Surprise Hits: Us Weekly scores by showing stars are 'just like us'
When publisher Jann Wenner first revealed his plan to take Us, a middling monthly entertainment magazine, and put it into head-to-head competition with People, the world's most profitable weekly, it had the makings of a colossal error. In time, it even looked like an error to Wenner, who, panicked by the millions he was losing, sold a 50 percent interest in Us to Disney (DIS) for a reported $40 million in 2001.
Then along came Bonnie Fuller, former editor of Cosmopolitan and Glamour. Fuller used her uncanny instinct for what sells on the newsstand to devise a new formula for Us, heavy on paparazzi photos, celebrity babies, and tell-all quotes from suspiciously unnamed "friends." At the core of Fuller's vision was the idea that stars are "just like us": prone to bad hair days, lousy at managing their love lives, and just as eager for gossip about each other as we are for news about them.
Fuller's formula was an instant hit with readers. Newsstand sales quickly doubled, to more than 600,000 per week. Competitors took notice, too, and in July 2003 American Media hired Fuller away to work her charms on its supermarket tabloids, beginning with Star. That endeavor was somewhat less successful, in part because by then every newsstand in America was cluttered with low-priced Us Weekly knockoffs. Before long, the algae-like growth of the category she created was being credited with singlehandedly propping up the magazine industry's sagging retail sales.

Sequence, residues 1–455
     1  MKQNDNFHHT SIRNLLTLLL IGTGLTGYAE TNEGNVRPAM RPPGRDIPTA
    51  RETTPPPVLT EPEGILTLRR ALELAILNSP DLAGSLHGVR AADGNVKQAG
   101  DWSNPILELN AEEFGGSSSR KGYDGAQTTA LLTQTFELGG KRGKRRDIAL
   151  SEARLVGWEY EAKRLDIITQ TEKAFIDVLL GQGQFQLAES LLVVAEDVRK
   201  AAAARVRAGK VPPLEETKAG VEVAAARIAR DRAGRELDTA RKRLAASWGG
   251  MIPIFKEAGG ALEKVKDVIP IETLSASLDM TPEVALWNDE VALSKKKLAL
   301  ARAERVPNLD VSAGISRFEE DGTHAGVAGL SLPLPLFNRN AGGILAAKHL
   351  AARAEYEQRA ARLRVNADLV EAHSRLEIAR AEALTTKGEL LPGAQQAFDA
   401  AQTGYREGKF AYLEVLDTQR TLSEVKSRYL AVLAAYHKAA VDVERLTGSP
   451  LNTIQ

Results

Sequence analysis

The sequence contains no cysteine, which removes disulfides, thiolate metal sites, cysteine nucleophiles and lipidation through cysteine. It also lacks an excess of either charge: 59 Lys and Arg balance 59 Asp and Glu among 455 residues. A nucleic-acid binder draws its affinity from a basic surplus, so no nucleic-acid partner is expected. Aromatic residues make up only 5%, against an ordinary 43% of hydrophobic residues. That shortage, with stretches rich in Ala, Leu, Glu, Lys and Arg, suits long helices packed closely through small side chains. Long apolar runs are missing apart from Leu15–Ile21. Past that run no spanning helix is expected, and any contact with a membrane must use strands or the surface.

Fuller left American Media last year, vowing to translate her brand of fizzy voyeurism to the web under her own shingle. And Wenner? He's still raking in profits from Us Weekly -- but his moment of doubt cost him dearly. That 50 percent stake he sold to Disney for $40 million cost him $300 million to buy back.
Jeff Bercovici is the media columnist for DailyFinance.
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